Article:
Brenda White Vaughn has served as general manager of the Chesterfield County Fair since 2014.
It’s Friday afternoon, Aug. 19, a week before the start of the 111th Chesterfield County Fair, and Brenda White Vaughn still has, oh, about a million things to do before workers begin setting up at the county fairgrounds the following day.
As general manager and the lone paid employee of the Chesterfield County Fair Association, the local nonprofit that operates the annual event, White Vaughn has been the go-to person for its every question, decision and logistical issue since 2014.
While she’s already well into a grueling run of 12-hour workdays, White Vaughn still compares opening day to “waking up on Christmas morning and seeing all the presents under the tree.”
“It’s always amazing to me: No matter how many years you’ve been here, it always gets bigger and brighter,” she said, seeking a few moments of shelter from Virginia’s typical late-summer heat in her office, a converted storage shed with a “Queen Bee” sign on the door.
The Chesterfield County Fair kicks off at 5 p.m. on Friday, Aug. 26 and continues through Saturday, Sept. 3 at the county fairgrounds, 10300 Courthouse Road, Chesterfield VA 23832.
Admission is $10 for adults, $7 for people over the age of 60, $5 for kids between the ages of 4 and 12, and free for kids under 3. That covers all shows and entertainment, but food, drinks and rides are extra. Ride tickets cost $1.75 apiece, or you can purchase a daily wristband (unlimited rides) for $27 Monday through Friday and $30 on Saturday and Sunday.
First held in October 1911, the fair hasn’t always been such a massive operation. At its original location at the Chesterfield County government complex near Mimms Loop and Lori Road, it was conceived as an opportunity for local farmers to come together and display the fruits of their labor.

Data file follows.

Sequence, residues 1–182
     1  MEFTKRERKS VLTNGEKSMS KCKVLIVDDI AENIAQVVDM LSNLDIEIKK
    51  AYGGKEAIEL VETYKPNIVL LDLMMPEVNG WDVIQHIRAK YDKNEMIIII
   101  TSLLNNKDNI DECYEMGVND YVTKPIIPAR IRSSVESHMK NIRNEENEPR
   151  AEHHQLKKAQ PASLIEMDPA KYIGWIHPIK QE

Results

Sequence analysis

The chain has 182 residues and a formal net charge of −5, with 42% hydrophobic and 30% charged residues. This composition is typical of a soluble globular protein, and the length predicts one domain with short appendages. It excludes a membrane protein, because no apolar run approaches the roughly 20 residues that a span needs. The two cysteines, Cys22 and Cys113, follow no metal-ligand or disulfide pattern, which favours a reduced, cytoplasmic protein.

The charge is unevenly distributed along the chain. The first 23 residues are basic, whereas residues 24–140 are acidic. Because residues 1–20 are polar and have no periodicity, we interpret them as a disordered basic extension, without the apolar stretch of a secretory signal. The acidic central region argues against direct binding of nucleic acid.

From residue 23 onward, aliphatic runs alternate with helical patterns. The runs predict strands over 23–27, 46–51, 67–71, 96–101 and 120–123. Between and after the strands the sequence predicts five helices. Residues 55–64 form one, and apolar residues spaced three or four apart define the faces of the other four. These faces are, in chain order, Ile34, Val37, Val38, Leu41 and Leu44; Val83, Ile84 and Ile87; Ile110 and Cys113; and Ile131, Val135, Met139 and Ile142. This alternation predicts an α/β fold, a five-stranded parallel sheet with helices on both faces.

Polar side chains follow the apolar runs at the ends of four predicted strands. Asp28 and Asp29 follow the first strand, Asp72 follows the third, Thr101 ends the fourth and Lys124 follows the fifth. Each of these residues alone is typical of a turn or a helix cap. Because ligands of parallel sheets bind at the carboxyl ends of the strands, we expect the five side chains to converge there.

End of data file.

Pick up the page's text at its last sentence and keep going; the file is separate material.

In those early days, families would travel there by horse and buggy to socialize with distant neighbors and partake in games and competitions. As the event grew in popularity, more attractions were added and its footprint expanded.
Eventually, the space was deemed insufficient, and in 1989, the fair moved just over a mile down the road to its current location across from L.C. Bird High School.
The fair still has an agricultural component, but its beating heart is a bustling midway lined with rides and games, scores of vendors selling food, goods and services, and an entertainment lineup that White Vaughn said offers “something for all age groups.”
“This isn’t your grandma’s 1950s fair because Chesterfield isn’t an agricultural county anymore,” she added. “You can’t forget your roots, but you have to have a good mix of new and old to appeal to everyone.”
What’s new for this year? How about an axe-throwing area; mobile escape room; “Gator Boys” star Jimmy Riffle and his road show, “Scales, Tails and Teeth”; Danny Grant’s “Cowboy Circus,” an interactive experience in which kids can practice roping and other cowboy duties; and a mobile dairy classroom where you can learn to milk a live cow. There also are several new musical acts.
For the first time, on Aug. 30, the fair will host International Day, with special entertainment that celebrates Chesterfield’s diversity and growing multicultural community.
Virginia Gov. Glenn Youngkin also is scheduled to serve as grand marshal of the grand parade on Aug. 30.
Shuttered in 2020 because of the COVID-19 pandemic, the fair set a new gate record last year and White Vaughn is hoping for even better turnout in 2022.
“It’s a great fair,” she said. “As long as Mother Nature is our friend, we’re good to go.”